América Móvil sees postpaid subs surge, joins tower spinout crowd

América Móvil, thanks mainly to a depreciation of the Mexican peso against most other Latin American currencies, posted a Q4 year-on-year drop of 3.1% in consolidated revenues to a shade over 255 billion Mexican pesos (US$12.7 billion). Service revenues, at MXN206.7 billion ($10.3 billion), were flat.

Looked at through the lens of constant exchange rates, the Q4 picture is brighter. Helped by an uptick in postpaid and fixed broadband revenues, sales from services – once those pesky exchange rate fluctuations with the region's currencies are ironed out – increased by 2.2%.

That's primarily because América Móvil boasted an impressive 6.8 million increase in wireless subs net additions during Q4, which was twice as many as the previous quarter.

Of that number, 2.7 million were postpaid subscribers, the bulk of which came from Brazil (almost 2 million). A further 223,000 came from Peru, while Colombia chipped in with 201,000 postpaid net additions. In the prepaid segment América Móvil gained 4 million subs. Brazil and Mexico each contributed 1.2 million here.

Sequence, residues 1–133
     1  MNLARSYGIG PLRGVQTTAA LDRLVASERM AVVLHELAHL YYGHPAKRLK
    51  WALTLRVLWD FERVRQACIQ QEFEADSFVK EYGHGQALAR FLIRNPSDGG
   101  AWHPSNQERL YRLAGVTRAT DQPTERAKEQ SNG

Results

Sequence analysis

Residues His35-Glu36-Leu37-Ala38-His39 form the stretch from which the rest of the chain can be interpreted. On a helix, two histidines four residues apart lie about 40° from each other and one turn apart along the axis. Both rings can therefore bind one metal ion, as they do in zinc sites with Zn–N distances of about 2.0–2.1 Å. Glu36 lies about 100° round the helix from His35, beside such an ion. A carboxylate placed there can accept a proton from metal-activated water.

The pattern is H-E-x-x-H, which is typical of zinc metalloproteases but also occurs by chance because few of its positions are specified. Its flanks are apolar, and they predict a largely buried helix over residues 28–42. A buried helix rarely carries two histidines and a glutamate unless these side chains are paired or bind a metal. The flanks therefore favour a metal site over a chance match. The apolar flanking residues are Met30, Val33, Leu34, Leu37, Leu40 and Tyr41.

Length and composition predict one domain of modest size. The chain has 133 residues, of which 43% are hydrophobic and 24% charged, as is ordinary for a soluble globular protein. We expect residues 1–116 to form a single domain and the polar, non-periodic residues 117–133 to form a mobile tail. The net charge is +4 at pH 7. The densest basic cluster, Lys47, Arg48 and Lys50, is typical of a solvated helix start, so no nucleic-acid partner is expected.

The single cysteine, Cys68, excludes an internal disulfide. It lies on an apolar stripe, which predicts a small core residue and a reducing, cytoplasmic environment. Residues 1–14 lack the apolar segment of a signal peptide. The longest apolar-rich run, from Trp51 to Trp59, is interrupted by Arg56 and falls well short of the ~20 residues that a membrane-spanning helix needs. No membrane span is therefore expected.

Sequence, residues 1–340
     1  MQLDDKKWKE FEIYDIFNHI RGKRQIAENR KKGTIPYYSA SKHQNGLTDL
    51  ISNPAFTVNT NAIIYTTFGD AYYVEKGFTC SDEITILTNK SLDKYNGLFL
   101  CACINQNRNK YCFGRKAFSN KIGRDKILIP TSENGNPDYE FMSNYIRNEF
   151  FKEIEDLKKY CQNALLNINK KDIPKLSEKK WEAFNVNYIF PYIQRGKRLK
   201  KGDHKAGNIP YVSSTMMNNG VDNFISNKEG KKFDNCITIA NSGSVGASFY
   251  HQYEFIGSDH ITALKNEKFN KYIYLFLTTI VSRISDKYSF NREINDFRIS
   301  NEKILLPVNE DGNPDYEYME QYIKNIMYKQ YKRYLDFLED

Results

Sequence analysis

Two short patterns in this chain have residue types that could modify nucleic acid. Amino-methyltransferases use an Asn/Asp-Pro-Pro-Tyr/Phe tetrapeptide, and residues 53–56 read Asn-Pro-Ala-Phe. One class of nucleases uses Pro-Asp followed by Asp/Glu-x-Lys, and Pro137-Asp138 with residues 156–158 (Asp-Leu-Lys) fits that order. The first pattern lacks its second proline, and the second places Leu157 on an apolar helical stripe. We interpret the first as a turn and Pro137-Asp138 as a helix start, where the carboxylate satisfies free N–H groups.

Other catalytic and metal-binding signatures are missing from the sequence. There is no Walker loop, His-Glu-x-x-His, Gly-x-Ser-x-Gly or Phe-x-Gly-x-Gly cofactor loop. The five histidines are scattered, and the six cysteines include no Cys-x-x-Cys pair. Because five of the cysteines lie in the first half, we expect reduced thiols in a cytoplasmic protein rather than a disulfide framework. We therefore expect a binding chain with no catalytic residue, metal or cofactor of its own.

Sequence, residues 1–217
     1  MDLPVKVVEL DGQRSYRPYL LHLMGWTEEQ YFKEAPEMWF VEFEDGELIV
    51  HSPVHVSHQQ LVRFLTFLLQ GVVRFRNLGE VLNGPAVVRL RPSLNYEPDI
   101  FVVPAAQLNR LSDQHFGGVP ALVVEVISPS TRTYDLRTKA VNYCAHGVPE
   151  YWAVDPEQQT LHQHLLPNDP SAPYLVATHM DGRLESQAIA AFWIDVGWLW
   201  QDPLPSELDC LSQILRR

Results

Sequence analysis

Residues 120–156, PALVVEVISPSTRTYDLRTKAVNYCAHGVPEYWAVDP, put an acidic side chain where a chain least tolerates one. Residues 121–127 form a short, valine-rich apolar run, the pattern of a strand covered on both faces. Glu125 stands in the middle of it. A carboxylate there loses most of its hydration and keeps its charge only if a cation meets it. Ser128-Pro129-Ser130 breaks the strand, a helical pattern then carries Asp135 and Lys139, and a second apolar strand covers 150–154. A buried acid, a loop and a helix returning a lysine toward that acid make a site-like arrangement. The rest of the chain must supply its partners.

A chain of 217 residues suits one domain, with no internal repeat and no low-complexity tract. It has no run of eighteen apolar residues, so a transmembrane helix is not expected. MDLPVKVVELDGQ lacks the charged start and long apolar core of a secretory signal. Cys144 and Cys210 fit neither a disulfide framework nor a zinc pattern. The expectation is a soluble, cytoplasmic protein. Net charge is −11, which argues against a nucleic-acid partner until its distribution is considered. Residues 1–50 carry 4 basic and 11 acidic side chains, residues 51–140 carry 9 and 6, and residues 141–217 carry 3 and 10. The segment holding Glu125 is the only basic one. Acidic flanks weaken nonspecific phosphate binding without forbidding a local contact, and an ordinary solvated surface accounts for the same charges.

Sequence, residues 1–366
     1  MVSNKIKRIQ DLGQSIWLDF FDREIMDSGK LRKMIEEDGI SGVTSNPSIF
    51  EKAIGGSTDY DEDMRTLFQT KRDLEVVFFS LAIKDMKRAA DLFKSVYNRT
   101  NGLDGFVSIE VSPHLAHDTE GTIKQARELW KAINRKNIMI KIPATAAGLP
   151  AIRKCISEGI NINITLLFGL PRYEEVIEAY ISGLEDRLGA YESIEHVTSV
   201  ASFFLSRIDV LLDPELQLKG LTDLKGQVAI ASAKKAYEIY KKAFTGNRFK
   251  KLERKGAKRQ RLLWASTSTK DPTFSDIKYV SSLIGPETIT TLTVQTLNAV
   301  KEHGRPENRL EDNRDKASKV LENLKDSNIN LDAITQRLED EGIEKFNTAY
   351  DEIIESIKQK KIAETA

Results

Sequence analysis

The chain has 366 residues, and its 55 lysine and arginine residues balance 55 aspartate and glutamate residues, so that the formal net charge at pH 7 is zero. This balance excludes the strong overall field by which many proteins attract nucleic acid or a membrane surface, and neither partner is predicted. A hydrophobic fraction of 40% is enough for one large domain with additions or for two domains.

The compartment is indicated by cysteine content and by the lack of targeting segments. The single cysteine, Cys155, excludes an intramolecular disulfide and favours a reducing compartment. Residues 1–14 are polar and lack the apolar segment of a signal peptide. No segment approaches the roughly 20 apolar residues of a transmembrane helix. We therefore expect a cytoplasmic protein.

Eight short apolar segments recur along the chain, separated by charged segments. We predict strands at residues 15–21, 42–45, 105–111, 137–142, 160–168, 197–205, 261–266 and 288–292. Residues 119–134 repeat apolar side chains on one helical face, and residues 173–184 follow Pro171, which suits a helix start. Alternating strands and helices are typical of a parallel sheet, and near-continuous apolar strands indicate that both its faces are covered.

América Móvil also increased its installed base of fixed broadband connections by 5.4% during Q4, adding 208,000 new accesses.

The group's reported EBITDA margin, at 32.5%, was up 1.4 percentage points compared with Q4 2019.

This increase was small fry, however, compared with a massive 79.6% jump in net profits, year-on-year, to MXN37.3 billion ($1.9 billion). América Móvil, as a way of explanation, cited favorable Mexico peso exchange rates with the US dollar and the euro.

In a spinout

A brief statement accompanying Q4 results revealed that América Móvil's board of directors had approved a plan to spin out its tower assets in Latin America.

"This spin-off," ran the statement, "will maximize the value of the infrastructure by becoming an independent entity entirely focused on development, construction and co-location of towers for wireless services."

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América Móvil expects to complete the "reorganization of assets" in 2021. What the end game might be to monetize those assets – an IPO, as planned by Vodafone's Vantage Towers, or a full-blown sale in the style of Telefónica's Telxius – is not yet clear.

As of December 31, 2020, América Móvil's net debt stood at MXN647 billion ($32.3 billion), equivalent to 1.93 times EBITDA.

— Ken Wieland, contributing editor, special to Light Reading

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